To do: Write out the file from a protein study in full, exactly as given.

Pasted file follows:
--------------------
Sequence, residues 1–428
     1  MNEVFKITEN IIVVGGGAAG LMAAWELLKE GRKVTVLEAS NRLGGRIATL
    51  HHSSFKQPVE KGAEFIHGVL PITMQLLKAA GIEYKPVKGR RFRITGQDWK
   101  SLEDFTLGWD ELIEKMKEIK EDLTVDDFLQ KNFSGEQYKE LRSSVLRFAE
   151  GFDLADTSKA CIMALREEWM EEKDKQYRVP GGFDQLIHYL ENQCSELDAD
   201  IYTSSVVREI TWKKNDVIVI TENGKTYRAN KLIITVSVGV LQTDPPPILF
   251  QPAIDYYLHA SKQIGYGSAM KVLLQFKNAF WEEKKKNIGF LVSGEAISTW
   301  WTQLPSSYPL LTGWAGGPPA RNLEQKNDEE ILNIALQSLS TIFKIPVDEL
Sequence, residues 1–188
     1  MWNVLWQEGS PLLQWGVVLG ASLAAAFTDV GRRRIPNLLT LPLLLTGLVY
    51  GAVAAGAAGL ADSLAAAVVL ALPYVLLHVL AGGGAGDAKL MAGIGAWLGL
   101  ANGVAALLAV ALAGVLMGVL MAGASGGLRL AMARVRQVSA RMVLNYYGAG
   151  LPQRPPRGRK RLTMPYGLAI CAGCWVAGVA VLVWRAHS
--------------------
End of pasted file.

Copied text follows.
Sequence, residues 1–428
     1  MNEVFKITEN IIVVGGGAAG LMAAWELLKE GRKVTVLEAS NRLGGRIATL
    51  HHSSFKQPVE KGAEFIHGVL PITMQLLKAA GIEYKPVKGR RFRITGQDWK
   101  SLEDFTLGWD ELIEKMKEIK EDLTVDDFLQ KNFSGEQYKE LRSSVLRFAE
   151  GFDLADTSKA CIMALREEWM EEKDKQYRVP GGFDQLIHYL ENQCSELDAD
   201  IYTSSVVREI TWKKNDVIVI TENGKTYRAN KLIITVSVGV LQTDPPPILF
   251  QPAIDYYLHA SKQIGYGSAM KVLLQFKNAF WEEKKKNIGF LVSGEAISTW
   301  WTQLPSSYPL LTGWAGGPPA RNLEQKNDEE ILNIALQSLS TIFKIPVDEL
Sequence, residues 1–188
     1  MWNVLWQEGS PLLQWGVVLG ASLAAAFTDV GRRRIPNLLT LPLLLTGLVY
    51  GAVAAGAAGL ADSLAAAVVL ALPYVLLHVL AGGGAGDAKL MAGIGAWLGL
   101  ANGVAALLAV ALAGVLMGVL MAGASGGLRL AMARVRQVSA RMVLNYYGAG
   151  LPQRPPRGRK RLTMPYGLAI CAGCWVAGVA VLVWRAHS